There's an old thing, "Don't Let the Sun Catch You Cryin'" – not the Gerry and the Pacemakers one, the Ray Charles one [on the 1959 album The Genius of Ray Charles]. I used to do that with the Beatles in Hamburg. That's a nice thing to pull back. It's an echo of the show. The roadies know, "OK, he's testing that. He's gonna do his pedal there." We run through everything that happens in the show.
But when it comes to the show, it's all in a different form. And we didn't get bored. So the show is interesting now – all that checking we did, but with loads of people instead of a few, with a different set of songs. It keeps it fresh. And it's interesting that it's grown up – a tribal ritual that I've constructed. We all know and trust this ritual.
You have a long performance history with Philadelphia. The Beatles played at Convention Hall on the 1964 tour and at John F. Kennedy Stadium in 1966. And Philly was one of the handful of cities where you played multiple shows on Wings' 1976 tour.
Certain cities are always cool. Philly's one of them. There's this joke in America: "There's New York and L.A., and nothing in between."
That's usually said by people from New York and L.A..
But it's not true. I was from Liverpool, not London. It was this thing where you don't have a whole lot, so your family becomes quite a big focus – you're not just off at work and the kids are at boarding school. You're focused on what is immediately around you: your house, your family, your dad and mum's jobs.
That's why I like these places – Milwaukee, Cincinnati, Philadelphia, Pittsburgh. I feel like they are where I'm from, in a way. And I can see what it is they're doing. They're bringing their kids to say, "This is that guy that we talked about. He was in that band we talked about."
They're continuing the emotional transaction.
It's great to be part of that. And we pull people out of the audience. They kind of dictate that, by the signs. It started off with the tattoos.
I did notice someone at soundcheck with a sign that said "Tattoo" on it.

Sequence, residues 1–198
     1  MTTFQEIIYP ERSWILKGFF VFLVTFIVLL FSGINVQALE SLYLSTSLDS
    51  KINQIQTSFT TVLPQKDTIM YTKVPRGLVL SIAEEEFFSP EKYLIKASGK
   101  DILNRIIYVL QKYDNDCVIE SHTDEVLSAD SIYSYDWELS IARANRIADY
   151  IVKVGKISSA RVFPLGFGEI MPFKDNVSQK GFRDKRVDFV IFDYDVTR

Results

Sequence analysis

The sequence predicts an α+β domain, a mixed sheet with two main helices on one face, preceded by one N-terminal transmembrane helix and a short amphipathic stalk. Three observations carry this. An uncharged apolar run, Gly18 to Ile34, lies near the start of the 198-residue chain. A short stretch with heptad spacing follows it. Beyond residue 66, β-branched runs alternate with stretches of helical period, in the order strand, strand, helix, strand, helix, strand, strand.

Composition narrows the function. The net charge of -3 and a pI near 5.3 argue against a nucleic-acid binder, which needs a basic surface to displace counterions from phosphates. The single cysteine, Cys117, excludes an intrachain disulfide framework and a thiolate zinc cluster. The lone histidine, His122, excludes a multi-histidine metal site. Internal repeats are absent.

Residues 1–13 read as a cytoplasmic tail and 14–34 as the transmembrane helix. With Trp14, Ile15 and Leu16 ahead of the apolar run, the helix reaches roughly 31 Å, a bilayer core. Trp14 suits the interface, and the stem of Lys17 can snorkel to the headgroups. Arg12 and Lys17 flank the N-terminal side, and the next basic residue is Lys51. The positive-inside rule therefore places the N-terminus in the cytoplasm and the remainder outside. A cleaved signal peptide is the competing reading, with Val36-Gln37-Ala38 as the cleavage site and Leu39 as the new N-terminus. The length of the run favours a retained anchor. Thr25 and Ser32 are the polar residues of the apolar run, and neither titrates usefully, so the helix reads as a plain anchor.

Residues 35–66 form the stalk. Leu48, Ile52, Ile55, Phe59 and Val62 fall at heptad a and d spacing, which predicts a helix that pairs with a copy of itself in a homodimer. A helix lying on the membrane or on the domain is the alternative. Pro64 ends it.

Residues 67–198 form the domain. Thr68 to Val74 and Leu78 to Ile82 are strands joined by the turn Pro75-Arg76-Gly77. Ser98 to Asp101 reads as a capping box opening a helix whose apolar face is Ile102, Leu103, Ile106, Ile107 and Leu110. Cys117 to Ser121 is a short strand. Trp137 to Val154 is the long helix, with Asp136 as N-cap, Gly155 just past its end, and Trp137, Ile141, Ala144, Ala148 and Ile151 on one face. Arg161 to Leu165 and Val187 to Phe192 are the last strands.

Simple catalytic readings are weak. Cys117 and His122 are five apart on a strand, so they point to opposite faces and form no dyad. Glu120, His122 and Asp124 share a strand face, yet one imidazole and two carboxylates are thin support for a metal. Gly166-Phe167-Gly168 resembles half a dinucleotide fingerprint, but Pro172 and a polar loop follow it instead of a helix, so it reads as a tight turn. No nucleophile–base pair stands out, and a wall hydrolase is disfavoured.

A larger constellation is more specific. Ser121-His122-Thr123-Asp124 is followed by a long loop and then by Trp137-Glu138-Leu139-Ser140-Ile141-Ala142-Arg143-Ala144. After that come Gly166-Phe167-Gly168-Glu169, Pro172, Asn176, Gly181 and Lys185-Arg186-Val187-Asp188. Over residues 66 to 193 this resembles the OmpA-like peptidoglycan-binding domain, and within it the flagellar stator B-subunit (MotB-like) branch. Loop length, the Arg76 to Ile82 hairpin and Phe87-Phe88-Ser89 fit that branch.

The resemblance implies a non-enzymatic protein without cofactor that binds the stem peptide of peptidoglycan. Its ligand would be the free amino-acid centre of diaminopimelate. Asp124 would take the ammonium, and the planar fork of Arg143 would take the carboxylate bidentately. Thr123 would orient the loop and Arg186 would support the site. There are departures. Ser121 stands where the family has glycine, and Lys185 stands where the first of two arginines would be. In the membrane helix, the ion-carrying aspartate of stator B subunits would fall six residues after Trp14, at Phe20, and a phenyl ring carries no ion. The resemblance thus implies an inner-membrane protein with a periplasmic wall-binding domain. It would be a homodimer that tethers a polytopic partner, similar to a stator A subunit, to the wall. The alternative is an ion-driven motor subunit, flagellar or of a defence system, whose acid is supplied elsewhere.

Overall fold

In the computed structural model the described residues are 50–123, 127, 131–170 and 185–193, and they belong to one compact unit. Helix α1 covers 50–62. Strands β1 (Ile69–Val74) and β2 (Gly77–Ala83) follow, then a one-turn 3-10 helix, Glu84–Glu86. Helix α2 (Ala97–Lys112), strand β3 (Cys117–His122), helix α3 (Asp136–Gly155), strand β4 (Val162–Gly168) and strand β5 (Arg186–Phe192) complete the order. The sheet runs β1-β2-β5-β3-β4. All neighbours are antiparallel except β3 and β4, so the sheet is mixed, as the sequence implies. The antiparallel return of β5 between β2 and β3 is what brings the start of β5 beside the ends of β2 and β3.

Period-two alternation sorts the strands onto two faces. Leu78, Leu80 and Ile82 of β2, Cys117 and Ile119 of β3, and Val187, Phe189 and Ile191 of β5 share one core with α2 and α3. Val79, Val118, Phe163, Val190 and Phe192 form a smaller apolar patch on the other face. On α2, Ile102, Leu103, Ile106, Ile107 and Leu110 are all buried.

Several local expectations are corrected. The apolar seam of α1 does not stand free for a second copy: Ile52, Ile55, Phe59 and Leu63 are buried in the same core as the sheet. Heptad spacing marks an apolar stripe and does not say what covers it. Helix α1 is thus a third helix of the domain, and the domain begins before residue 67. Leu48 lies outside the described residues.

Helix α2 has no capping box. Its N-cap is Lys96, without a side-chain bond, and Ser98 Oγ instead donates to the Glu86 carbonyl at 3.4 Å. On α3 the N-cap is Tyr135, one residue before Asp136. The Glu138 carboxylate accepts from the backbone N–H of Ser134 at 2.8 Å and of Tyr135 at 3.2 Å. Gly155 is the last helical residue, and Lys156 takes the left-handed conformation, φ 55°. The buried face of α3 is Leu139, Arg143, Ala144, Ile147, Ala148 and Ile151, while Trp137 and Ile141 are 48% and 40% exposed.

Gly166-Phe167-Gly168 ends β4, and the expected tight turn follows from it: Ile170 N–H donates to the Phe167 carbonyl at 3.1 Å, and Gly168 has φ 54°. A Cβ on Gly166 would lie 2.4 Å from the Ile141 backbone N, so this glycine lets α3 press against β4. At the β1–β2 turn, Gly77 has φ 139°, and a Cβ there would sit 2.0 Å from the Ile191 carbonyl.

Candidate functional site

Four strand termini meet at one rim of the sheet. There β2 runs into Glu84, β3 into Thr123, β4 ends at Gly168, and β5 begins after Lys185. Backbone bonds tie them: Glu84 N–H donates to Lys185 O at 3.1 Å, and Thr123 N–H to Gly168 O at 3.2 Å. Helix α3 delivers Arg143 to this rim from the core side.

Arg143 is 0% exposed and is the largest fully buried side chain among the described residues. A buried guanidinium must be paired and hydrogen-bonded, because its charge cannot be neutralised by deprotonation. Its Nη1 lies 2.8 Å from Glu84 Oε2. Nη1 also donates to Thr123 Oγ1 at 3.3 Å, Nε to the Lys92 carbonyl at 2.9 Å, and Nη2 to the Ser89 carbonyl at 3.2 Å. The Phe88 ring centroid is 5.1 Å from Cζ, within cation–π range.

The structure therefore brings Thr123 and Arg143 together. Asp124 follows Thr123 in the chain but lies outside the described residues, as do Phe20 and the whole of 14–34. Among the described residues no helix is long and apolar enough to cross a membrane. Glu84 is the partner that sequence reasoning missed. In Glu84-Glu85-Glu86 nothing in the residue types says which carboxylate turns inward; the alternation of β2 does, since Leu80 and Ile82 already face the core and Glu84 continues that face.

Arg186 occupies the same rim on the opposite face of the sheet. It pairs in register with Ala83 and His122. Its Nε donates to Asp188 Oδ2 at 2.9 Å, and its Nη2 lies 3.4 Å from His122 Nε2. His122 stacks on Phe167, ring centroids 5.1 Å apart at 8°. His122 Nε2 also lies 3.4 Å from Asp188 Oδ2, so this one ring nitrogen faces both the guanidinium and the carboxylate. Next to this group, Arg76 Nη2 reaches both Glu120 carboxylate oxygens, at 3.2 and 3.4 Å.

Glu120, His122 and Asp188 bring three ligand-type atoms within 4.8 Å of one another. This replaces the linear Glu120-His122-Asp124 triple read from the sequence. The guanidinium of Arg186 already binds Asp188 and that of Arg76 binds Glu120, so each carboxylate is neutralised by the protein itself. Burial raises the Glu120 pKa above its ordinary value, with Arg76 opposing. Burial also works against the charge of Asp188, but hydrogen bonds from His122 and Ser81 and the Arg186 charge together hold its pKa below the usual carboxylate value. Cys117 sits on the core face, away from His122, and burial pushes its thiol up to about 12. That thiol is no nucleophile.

You sign their arm, and they get a tattoo of it. We did a lot of that. Then they started to say, "Marry us." "I've Got the Ring." So we pulled a couple of them up. We goof around with them. "What's your name? Are you engaged yet? Is this what you wanna do, in front of all these people? OK, get down on your knee." And the audience goes, "Yeah!"
At the back of my mind, I'm going, "Don't go too far with this. This could be a bit of a game show." It was the other night [laughs]. But it's people – just people. And I like that. Everyone comes up to me in the street and goes, "Can I have a photograph?" I say, "I'm sorry, I don't do that. But I'll chat to you."
Which is a lot more meaningful.
I think so. Everyone wants proof. "Nobody will ever believe me." I say, "Tough – they're gonna have to." [Laughs] But it is quite good fun. You find out the strangest things about people. I enjoy that – always did.
That comes into the show. There's all these little things that we do that grow. One night, somebody [in the band] does something, and you notice that it gets a reaction from the audience. That person will keep it in: "He's gonna go over there and do that." It becomes part of the ritual.
That's part of the fascination for me, the little human things that the tribe does. Because it comes out of family and love and all of the other stuff that I value. People can laugh at it, but love – it is this huge, central thing at our core. The good, old Beatles wrote about it. And I continue to write about it. All you need is love.
Find out five things we learned from Paul McCartney. Watch here.